Inequitable Marine Corps Body Composition Policies and Their Impact on the Health of the Force

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(The RAND Blog)

Marine Corps recruits conduct warm-up stretches to prepare for a fitness test at Marine Corps Recruit Depot Parris Island, South Carolina, July 11, 2019, photo by Gunnery Sgt. Tyler Hlavac/U.S. Marine Corps

Marine Corps recruits conduct warm-up stretches to prepare for a fitness test at Marine Corps Recruit Depot Parris Island, South Carolina, July 11, 2019

Photo by Gunnery Sgt. Tyler Hlavac/U.S. Marine Corps

by Joslyn Fleming and Jeannette Gaudry Haynie

March 25, 2022

In the summer of 2021, a Marine posted a picture of herself on social media with a description of the extreme lengths that she resorts to twice a year to make weight. Noting that despite her consistently high fitness test scores and strenuous workouts, only cyclical calorie deprivation and the resulting brief weight loss kept her in height-for-weight standards. Unfortunately, her story resonated with Marines of all genders and ranks; her post was shared hundreds of times, often accompanied by others' extreme stories of unhealthy, unnatural weight loss, and fears of failing to meet standards.

The behaviors that this Marine and others reported can be described as disordered eating behavior. Studies show that disordered eating is an underreported and risky problem within the Department of Defense and is especially acute in the Marine Corps and among female service members. Where diagnosis numbers are reported, from the handful of analyses that exist, female Marines exhibit the highest rates of disordered eating.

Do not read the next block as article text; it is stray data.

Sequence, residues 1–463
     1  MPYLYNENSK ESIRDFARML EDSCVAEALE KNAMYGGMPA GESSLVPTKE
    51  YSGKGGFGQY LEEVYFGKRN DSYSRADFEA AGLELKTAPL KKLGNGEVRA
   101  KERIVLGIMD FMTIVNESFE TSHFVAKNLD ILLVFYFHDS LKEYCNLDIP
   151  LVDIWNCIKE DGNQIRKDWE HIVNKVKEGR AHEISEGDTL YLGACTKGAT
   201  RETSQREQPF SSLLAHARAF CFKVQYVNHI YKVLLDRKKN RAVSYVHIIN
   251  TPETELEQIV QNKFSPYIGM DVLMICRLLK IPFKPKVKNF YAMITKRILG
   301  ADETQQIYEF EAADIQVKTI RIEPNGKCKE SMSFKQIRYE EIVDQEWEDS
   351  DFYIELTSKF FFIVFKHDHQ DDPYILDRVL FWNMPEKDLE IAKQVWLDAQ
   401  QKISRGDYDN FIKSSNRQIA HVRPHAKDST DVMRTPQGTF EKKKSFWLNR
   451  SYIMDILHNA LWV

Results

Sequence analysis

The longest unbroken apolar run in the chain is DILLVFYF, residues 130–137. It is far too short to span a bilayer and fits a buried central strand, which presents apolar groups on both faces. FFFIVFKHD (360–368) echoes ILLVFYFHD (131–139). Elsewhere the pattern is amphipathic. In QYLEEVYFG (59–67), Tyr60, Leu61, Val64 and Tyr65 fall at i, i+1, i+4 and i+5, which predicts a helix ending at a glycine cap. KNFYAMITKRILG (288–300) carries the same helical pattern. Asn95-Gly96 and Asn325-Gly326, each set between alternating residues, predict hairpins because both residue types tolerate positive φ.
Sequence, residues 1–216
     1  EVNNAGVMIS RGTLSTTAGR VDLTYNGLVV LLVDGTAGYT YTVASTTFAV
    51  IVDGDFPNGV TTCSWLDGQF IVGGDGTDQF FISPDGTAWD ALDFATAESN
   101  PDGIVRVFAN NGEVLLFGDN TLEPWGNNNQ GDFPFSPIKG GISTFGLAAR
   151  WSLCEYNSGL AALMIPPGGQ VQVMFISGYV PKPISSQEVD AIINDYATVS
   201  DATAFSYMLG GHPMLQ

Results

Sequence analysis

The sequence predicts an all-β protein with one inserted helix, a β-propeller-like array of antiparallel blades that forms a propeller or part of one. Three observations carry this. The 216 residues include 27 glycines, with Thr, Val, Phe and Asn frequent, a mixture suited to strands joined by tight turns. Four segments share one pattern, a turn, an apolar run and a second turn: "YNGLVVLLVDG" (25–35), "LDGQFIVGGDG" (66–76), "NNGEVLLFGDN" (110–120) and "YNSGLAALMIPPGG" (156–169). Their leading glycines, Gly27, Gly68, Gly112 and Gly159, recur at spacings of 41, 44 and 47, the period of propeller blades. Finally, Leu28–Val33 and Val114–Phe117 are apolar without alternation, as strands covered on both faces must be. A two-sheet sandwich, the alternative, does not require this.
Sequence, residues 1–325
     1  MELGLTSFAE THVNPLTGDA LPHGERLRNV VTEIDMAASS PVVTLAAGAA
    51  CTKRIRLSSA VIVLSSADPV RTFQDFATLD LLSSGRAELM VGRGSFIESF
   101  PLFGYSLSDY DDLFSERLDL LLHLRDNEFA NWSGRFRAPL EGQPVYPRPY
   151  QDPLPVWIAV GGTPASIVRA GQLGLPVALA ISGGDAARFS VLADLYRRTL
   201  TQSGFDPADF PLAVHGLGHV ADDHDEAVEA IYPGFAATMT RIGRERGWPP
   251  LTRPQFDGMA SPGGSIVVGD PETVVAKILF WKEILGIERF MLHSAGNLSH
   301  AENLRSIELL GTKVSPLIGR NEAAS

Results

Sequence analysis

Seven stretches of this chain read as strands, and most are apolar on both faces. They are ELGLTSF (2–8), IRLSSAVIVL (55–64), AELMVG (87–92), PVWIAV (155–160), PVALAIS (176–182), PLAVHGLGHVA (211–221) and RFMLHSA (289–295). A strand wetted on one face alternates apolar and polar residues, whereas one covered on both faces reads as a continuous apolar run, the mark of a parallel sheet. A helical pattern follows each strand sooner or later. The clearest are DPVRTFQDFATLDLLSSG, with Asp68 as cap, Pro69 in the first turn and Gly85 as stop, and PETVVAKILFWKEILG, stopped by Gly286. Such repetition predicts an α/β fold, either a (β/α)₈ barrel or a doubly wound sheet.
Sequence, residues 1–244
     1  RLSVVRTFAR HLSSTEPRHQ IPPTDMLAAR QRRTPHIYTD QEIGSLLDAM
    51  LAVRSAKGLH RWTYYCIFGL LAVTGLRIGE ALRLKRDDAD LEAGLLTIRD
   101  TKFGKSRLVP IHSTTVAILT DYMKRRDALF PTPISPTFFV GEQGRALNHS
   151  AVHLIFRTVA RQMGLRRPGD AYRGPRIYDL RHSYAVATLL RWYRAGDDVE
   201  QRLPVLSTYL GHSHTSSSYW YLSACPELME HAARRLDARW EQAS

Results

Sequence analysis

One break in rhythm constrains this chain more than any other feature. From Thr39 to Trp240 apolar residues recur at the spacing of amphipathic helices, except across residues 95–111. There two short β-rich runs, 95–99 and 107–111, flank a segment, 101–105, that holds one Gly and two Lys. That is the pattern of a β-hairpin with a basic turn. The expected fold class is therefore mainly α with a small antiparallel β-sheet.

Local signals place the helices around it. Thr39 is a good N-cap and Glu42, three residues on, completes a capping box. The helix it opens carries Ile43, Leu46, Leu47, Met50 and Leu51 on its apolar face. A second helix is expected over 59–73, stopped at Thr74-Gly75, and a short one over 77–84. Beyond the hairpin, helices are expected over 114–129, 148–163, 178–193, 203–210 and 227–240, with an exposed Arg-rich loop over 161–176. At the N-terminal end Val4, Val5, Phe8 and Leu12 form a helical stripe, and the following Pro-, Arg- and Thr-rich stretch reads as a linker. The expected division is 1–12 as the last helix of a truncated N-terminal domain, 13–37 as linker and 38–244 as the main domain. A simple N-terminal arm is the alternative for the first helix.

With an understanding of these issues facing Marines, having both worn the Marine Corps uniform, we decided to examine the Marine Corps Body Composition and Military Appearance Program (BCMAP) and associated policies. We sought to identify, through existing literature, potential impacts on individual Marines' health and cognitive ability and on the corps as an institution. While we found significant current interest in the topic, we found limited research on body composition policies and eating disorders within the Marine Corps, with little discussion of potential health impacts these policies may have on individual Marines and on the corps. Using studies of similar groups as proxies, such as other service members, veterans, and athletes, we were able to draw conclusions about potential health risks these policies may expose the individual Marine to along with possible impacts on the service.

Body composition standards were developed decades ago from unrepresentative populations, and did not necessarily represent healthy standards for a diverse force.